Vision Pieces – multi-interview based pieces that drive a narrative of a better world told through the stakeholders who have a role in that vision. See our vision piece for the G20 Innovation Hub.
Event Vision Piece — multi-interview based pieces that are easier to produce because all the talent is one on room, ultimately driving narrative behind the events and conferences. See our Event Vision Piece for Progress 2015
The Impact Story — character driven vision pieces that specifically use character-driven narratives to communicate larger social impact. See our case study for The Difference Incubator on Team Wild.
The Personal Journey Story — Single-character pieces that show the importance of social issues through the lens of a single character, often can be quite powerful if the central character is strong. See our stories for Transplant Australia or Our Tibet Story.
The Fundraiser – crowdfunding or campaign videos used to raise awareness or funds for a particular cause. Specific framing around an action required and call to action for support. See our video for Act For Piece’s Ration Challenge.
We will be doing a blog series on story types covering each type in more depth, so stay tuned.
You can also subscribe to be notified of future workshops, where we will take you a on personally guided email course through the above story types we produce on a regular basis, and how you can consider making one yourself.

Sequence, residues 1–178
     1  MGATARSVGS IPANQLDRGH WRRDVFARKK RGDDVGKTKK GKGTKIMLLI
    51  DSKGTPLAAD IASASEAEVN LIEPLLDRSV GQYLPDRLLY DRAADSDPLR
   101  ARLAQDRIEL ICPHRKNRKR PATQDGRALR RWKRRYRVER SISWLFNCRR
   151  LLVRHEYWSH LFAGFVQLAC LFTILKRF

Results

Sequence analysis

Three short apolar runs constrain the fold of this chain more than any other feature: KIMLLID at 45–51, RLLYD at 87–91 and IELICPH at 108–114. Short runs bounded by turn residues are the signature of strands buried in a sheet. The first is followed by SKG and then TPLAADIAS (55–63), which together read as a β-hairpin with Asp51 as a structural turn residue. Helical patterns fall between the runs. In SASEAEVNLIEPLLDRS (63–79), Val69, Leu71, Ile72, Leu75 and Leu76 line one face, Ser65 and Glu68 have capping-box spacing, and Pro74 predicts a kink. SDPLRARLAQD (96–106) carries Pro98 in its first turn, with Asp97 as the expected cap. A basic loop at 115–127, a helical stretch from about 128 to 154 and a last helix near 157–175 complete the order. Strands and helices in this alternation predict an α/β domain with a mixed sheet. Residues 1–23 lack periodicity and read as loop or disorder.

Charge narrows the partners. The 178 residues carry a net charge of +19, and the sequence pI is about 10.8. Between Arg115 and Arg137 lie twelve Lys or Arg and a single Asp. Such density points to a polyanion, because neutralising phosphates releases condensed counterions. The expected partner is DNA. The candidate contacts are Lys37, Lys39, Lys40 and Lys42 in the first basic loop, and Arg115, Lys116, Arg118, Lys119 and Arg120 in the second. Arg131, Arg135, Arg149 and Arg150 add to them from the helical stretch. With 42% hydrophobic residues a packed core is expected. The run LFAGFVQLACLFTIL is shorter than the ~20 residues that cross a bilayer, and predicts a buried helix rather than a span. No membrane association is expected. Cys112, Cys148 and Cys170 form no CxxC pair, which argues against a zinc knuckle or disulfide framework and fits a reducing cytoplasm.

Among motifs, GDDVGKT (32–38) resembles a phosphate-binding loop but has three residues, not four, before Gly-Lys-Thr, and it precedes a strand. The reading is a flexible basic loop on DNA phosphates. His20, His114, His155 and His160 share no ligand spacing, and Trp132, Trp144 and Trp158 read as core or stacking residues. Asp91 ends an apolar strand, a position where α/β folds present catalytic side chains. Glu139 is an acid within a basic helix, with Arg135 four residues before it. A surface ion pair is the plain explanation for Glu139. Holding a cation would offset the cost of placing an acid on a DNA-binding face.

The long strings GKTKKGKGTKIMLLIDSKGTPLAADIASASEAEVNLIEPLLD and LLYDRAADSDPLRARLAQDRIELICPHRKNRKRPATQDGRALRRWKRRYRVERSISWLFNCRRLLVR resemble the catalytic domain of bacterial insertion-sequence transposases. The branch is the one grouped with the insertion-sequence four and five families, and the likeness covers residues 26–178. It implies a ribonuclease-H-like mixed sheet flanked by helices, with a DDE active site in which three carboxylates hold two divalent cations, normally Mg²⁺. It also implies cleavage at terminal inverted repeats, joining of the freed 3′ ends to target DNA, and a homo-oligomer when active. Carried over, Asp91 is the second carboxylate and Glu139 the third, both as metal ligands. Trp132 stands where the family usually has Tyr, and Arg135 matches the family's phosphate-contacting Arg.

Question 3: Dealing with tough issues and privacy
Sonja G: When the subject matter is difficult, like family violence or depression, what is the best way to represent the ‘audience’ in the story?
Hi Sonja, often we work with those who have sensitive issues that they don’t wish to share with the world, but it is often that silence which promotes permission for those issues to exist, and often results in a culture of complicity.
A great example of this is one of my personal heroes Rosie Batty, whose upsetting story of her ex-husband murdering her son has shocked Australia into finally launching several campaigns against the culture of domestic violence perpetrated by men. Immediately after losing her son, Rosie bravely faced the media and has been sharing her story ever since and undoubtedly provoked our society’s need to address the issue of domestic violence.
In each of the people whose lives we are trying to change, is a soul whose story is important. And it should be that person’s decision as to whether they are willing to share their story with the world and speak out against the very issues that created those negative conditions in the first place.
So I would encourage a safe space first, for those with the tough issues and difficult subject matter. For those who have come out the other side and feel comfortable knowing and communicating their story, a sensitive filmmaker would be able to portray their story in a way that honours them but also allows the audience of the organisation to take a role in supporting it.
Thanks for all the great questions — we hope to answer a few more of them on our blog moving forward. You can stay tuned by subscribing to our Stories For Impact newsletter.